Why do children find science so hard and why does the country have such a negative attitude to the subject pondered. Science is not exact. It can provide evidence for decisions about important questions, such as is it safe to eat beef, or what can be done about world hunger, but it cannot give the answers.
It is a human pursuit, carried out by a community of scientists. It is central to everyone's life. Why then do so many pupils find it dry? And why do they find it so hard to understand what science is?
These were among the key questions discussed at last week's Association for Science Education annual meeting at Reading University, a three-day event which was attended by up to 5,000 people.
Lewis Wolpert, professor of applied medicine at University College, London, told an audience on Saturday: "If people knew less science but had a better feeling for what they did know it would be much better."
Meanwhile, Dr Bernard Dixon, former editor of New Scientist magazine, said science teaching should help people cope with the modern world. "Scientists can no longer proceed without the involvement of the outside world," he said.
The relationship between science, politics, culture, health and myriad aspects of life was explored in a seminar on values. Pauline Hoyle, science inspector in Islington, said social and moral perspectives had been lost in the latest version of the science national curriculum, and despite the promise of 20 per cent of time free to do what teachers want, staff still felt there was no time for the "nice bits".
Ms Hoyle said there was a growing emphasis in classrooms on getting the "right" answer. Pupils were getting the message that there was only one answer to complex questions, she warned.
Mary Ratcliffe, lecturer in science education at Southampton University, continued the argument that the subject could not be "value free". She gave Year 10 pupils in a boys' comprehensive a series of socio-scientific issues to discuss, ranging from "what can we do about the world food problem?" to "what material should we use for replacement window frames?" In discussing the issues, the boys drew little on relevant scientific concepts, despite having recently learned about them, she found.
"The cost and effectiveness of a proposed solution were the dominant criteria used in all the discussions," she said. "There was very little evidence of pupils thinking about the fairness to themselves and others of actions they were proposing."
One group considered the environmental implications of using hardwood for their window frame, but concluded, "we still think cutting down one more tree for our bedroom window is not going to make much difference". Some boys admitted they would be unwilling to give things up to help starving people.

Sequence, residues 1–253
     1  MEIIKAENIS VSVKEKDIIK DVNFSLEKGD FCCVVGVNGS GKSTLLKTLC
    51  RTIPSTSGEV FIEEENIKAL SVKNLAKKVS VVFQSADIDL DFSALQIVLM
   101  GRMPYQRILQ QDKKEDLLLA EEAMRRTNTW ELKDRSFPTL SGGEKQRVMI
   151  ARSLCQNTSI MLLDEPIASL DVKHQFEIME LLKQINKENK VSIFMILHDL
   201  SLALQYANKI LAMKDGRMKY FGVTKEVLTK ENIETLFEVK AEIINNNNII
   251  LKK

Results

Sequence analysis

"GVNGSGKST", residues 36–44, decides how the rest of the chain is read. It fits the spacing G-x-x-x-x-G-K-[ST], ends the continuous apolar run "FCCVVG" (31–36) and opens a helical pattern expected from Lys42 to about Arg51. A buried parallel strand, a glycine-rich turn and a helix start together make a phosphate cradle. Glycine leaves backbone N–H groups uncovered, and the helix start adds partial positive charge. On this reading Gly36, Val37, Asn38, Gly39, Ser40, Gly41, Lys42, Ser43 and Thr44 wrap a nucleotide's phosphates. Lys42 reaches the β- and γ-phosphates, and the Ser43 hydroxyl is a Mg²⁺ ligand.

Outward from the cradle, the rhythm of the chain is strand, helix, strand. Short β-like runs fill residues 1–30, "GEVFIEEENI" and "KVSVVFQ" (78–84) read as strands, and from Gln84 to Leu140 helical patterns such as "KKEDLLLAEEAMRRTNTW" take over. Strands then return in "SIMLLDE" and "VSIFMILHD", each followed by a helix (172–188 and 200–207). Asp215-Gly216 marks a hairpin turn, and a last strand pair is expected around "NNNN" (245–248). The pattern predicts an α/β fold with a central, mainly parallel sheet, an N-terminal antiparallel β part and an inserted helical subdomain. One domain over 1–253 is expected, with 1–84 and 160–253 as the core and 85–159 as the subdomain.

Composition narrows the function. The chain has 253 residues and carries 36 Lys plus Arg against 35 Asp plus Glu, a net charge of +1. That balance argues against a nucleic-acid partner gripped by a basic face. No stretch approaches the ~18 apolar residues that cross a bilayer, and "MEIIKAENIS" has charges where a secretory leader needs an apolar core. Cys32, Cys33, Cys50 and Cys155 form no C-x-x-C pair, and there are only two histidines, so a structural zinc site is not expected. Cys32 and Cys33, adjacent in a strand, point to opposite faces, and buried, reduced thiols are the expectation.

"The complexity of the issue, the clarification of the values used; the skills needed in evaluating the nature and status of scientific and other evidence are areas which both pupils and teachers need to address in a systematic way, " said Mary Ratcliffe.
Kabir Shaikh, deputy director of education in the London borough of Ealing, said the most effective lessons had an emotional link for the pupils, and a direct connection with their lives - for instance, a discussion about nuclear energy that followed a powerful television film on a nuclear holocaust.
In another seminar Ros Driver, professor of science education at King's College, London, urged the science education community to think about what should be taught. "I think we need to put human beings back into science, " she said.
Drawing on the findings of the Children's Learning in Science Research Group, which she directed, she said pupils needed to be able to evaluate evidence, and understand the limits of certainty and reliability.
"Children talk about science in terms of hard facts and scientists are the ones who come up with the hard facts," she said. "We know that any observation has limits of certainty to it and that's important for the public to understand."
She said science education should help children understand the difference between observation and theory, contribute to their understanding in later life and enhance their appreciation of science as a human pursuit.
Professor Driver was speaking at a seminar which launched the CLISRG team's new book Young People's Images of Science (Open University Press), which explores the way school science could better equip students as future citizens. The research showed that pupils had trouble understanding that science could rarely come up with incontrovertible answers to social and political questions. They tended to believe that if enough data was collected the truth could be discovered. She said pupils should be able to understand more about the social and political contexts of science such as the communal nature of scientific endeavour. They should understand the distinction between what happens in the lab and in the real world.
Professor Driver added there should be an emphasis on process as much as on facts. She suggested some curriculum strategies, including children evaluating theories or developing their own, focusing on what scientists actually do, teaching about the revolutions in scientific thinking and setting up activities which address the social and political contexts of scientific work.
Professor Driver said she and her colleagues had been pleasantly surprised by children's sensitivity to social issues such as food irradiation.